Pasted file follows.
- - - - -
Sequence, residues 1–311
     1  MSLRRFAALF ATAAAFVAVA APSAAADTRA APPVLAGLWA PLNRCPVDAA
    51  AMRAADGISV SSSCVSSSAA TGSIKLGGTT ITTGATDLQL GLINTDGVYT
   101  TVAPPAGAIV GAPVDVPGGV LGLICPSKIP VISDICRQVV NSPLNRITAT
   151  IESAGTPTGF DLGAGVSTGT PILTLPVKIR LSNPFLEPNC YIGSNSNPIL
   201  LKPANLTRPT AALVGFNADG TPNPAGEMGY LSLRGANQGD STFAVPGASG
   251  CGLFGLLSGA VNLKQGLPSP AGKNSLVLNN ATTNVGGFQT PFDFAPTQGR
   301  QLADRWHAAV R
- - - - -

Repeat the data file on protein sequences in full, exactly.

Sequence, residues 1–311
     1  MSLRRFAALF ATAAAFVAVA APSAAADTRA APPVLAGLWA PLNRCPVDAA
    51  AMRAADGISV SSSCVSSSAA TGSIKLGGTT ITTGATDLQL GLINTDGVYT
   101  TVAPPAGAIV GAPVDVPGGV LGLICPSKIP VISDICRQVV NSPLNRITAT
   151  IESAGTPTGF DLGAGVSTGT PILTLPVKIR LSNPFLEPNC YIGSNSNPIL
   201  LKPANLTRPT AALVGFNADG TPNPAGEMGY LSLRGANQGD STFAVPGASG
   251  CGLFGLLSGA VNLKQGLPSP AGKNSLVLNN ATTNVGGFQT PFDFAPTQGR
   301  QLADRWHAAV R